Given that components (Rspo1) as well as some targets (Gdnf, Itga8, Pla2g7 and Wnt4) of WNT9B signaling activity in the NM (Karner et al., 2011) were ectopically expressed in the Tbx18-deficient UM, we wished to evaluate whether the canonical (CTNNB1-dependent) sub-branch of WNT signaling (Barker, 2008), through which WNT9B but also WNT4 act (Park et al., 2007; Karner et al., 2011), is upregulated in the Tbx18-deficient UM at E12.5. For this, we analyzed the expression of Axin2, Ccnd1, Myc and Mycn, which are bona fide direct transcriptional targets of this pathway (Jho et al., 2002; Shtutman et al., 1999; ten Berge et al., 2008). In the control, these genes were weakly expressed in the inner ring of the UM, probably due to WNT7B signaling from the adjacent UE (Trowe et al., 2012). In the Tbx18-deficient UM, this ring of expression was absent but positive cell clusters were found in the UM, and the UE exhibited increased expression. Uncx, a WNT9B-dependent gene in the NM (Karner et al., 2011), was not detected into the mutant UM, whereas C1qtnf12, a WNT9B-dependent gene restricted to PTAs (Karner et al., 2011), was again found in clusters. These complex expression changes argue for a shift of WNT7B signaling from the UM to the UE, and activation of WNT4 signaling in PTAs. A broad activation of WNT9B signaling in the Tbx18-deficient UM seems unlikely.

To address the consequence of widespread and premature activation of canonical WNT signaling in the early UM, we used a conditional (Tbx18cre-mediated) misexpression approach with a stabilized form of the key component of this branch of WNT signaling: Ctnnb1 [Ctnnb1(ex3)fl] (Harada et al., 1999). We have previously shown that at E12.5, Tbx18cre/+;Ctnnb1(ex3)fl/+ embryos exhibit a strongly condensed and enlarged UM that expresses Axin2, a transcriptional target of the canonical WNT pathway (Jho et al., 2002; Trowe et al., 2012) (Fig. 6A,B). RNA in situ hybridization on sections of the kidney/ureter region of E12.5 Tbx18cre/+;Ctnnb1(ex3)fl/+ embryos revealed strong induction of Dach1, Fzd10, Pla2g7 and Wnt4, whereas expression of Wt1, Eya1, Eya2, Rcsd1 and Smoc2 was absent in the ‘UM’ of these mutants (Fig. 6C). Expression of markers and regulators of the undifferentiated UM, i.e. Bmp4, Sox9 and Ptch1 [a direct transcriptional target of SHH signaling (Ingham and McMahon, 2001)], was lost (Fig. 6D). This indicates that precocious and exaggerated activation of canonical WNT signaling in the UM interferes with the specification of this tissue, and leads to the activation of NM genes.

Fig. 6.

Precocious and enhanced canonical WNT signaling in the ureteric mesenchyme disrupts ureter development. (A) RNA in situ hybridization analysis on sagittal sections of the proximal kidney/ureter region of E12.5 control and Tbx18GFP/GFP embryos for expression of general WNT target genes (Axin2, Ccnd1, Myc and Mycn), and specific to WNT9B (Uncx and C1qtnf12). Distal ureter levels are additionally shown for Axin2, Myc and C1qtnf12. (B-E) Hematoxylin and Eosin staining (B) and RNA in situ hybridization analysis (C-E) on sagittal sections of kidney/ureter rudiments of E12.5 control and Tbx18cre/+;Ctnnb1(ex3)fl/+ embryos for Axin2 (C), microarray candidates (D) and ureteric mesenchyme genes (E). The ureteric epithelium is outlined; n≥3. (F) GFP epifluorescence from a R26mTmG reporter allele after recombination with Tbx18cre in a control (Tbx18cre/+;R26mTmG/+) and mutant (Tbx18cre/+;Ctnnb1(ex3)fl/+;R26mTmG/+) background in E11.5 kidney/ureter explants during a 4-day culture period. (G) GFP epifluorescence from a Hoxb7-GFP transgene in E11.5 kidney/ureter explants of control (Tbx18+/+;Ctnnb1(ex3)fl/+;Hoxb7-GFP/+) and mutant (Tbx18cre/+;Ctnnb1(ex3)fl/+;Hoxb7-GFP/+) embryos during a 4-day culture period. There are kinks (white arrows) in the short ureter of Tbx18cre/+;Ctnnb1(ex3)fl/+;Hoxb7-GFP/+ embryos. n≥5 (F,G). k, kidney; nd, nephric duct; ubs, ureteric bud stalk; ubt, ureteric bud tip; ue, ureteric epithelium; um, ureteric mesenchyme.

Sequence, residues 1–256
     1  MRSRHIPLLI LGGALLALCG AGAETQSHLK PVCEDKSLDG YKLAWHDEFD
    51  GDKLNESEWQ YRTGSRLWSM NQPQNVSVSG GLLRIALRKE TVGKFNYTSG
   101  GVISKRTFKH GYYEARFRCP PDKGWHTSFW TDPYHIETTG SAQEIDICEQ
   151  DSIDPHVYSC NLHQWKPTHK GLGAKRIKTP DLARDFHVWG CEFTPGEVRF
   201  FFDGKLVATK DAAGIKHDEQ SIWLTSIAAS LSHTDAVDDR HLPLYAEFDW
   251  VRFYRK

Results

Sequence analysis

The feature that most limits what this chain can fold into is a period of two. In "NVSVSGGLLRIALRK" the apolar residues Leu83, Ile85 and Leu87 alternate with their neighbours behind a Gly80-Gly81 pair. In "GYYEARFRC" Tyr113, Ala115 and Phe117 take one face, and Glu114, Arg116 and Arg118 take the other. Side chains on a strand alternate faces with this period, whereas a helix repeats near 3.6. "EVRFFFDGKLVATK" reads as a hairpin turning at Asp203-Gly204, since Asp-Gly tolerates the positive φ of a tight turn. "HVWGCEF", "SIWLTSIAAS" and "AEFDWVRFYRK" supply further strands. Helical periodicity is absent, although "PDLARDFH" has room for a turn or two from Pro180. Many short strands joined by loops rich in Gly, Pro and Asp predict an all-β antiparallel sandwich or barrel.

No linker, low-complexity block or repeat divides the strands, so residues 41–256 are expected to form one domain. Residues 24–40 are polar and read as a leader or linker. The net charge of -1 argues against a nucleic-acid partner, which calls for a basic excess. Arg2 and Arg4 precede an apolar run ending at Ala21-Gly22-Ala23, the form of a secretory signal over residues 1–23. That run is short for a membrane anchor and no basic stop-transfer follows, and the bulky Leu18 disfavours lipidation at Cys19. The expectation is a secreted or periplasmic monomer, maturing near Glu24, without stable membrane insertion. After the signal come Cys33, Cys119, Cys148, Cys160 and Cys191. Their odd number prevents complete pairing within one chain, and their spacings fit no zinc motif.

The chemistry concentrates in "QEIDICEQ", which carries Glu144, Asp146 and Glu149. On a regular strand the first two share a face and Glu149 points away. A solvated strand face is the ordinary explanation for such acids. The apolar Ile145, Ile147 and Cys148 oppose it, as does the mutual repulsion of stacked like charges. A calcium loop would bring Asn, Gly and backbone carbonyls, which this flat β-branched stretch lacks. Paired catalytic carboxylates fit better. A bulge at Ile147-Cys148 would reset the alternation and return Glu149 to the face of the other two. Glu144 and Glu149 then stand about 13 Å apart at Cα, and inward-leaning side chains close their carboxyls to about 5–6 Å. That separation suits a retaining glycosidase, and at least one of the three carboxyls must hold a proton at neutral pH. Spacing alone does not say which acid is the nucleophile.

Fig. 6.

Precocious and enhanced canonical WNT signaling in the ureteric mesenchyme disrupts ureter development. (A) RNA in situ hybridization analysis on sagittal sections of the proximal kidney/ureter region of E12.5 control and Tbx18GFP/GFP embryos for expression of general WNT target genes (Axin2, Ccnd1, Myc and Mycn), and specific to WNT9B (Uncx and C1qtnf12). Distal ureter levels are additionally shown for Axin2, Myc and C1qtnf12. (B-E) Hematoxylin and Eosin staining (B) and RNA in situ hybridization analysis (C-E) on sagittal sections of kidney/ureter rudiments of E12.5 control and Tbx18cre/+;Ctnnb1(ex3)fl/+ embryos for Axin2 (C), microarray candidates (D) and ureteric mesenchyme genes (E). The ureteric epithelium is outlined; n≥3. (F) GFP epifluorescence from a R26mTmG reporter allele after recombination with Tbx18cre in a control (Tbx18cre/+;R26mTmG/+) and mutant (Tbx18cre/+;Ctnnb1(ex3)fl/+;R26mTmG/+) background in E11.5 kidney/ureter explants during a 4-day culture period. (G) GFP epifluorescence from a Hoxb7-GFP transgene in E11.5 kidney/ureter explants of control (Tbx18+/+;Ctnnb1(ex3)fl/+;Hoxb7-GFP/+) and mutant (Tbx18cre/+;Ctnnb1(ex3)fl/+;Hoxb7-GFP/+) embryos during a 4-day culture period. There are kinks (white arrows) in the short ureter of Tbx18cre/+;Ctnnb1(ex3)fl/+;Hoxb7-GFP/+ embryos. n≥5 (F,G). k, kidney; nd, nephric duct; ubs, ureteric bud stalk; ubt, ureteric bud tip; ue, ureteric epithelium; um, ureteric mesenchyme.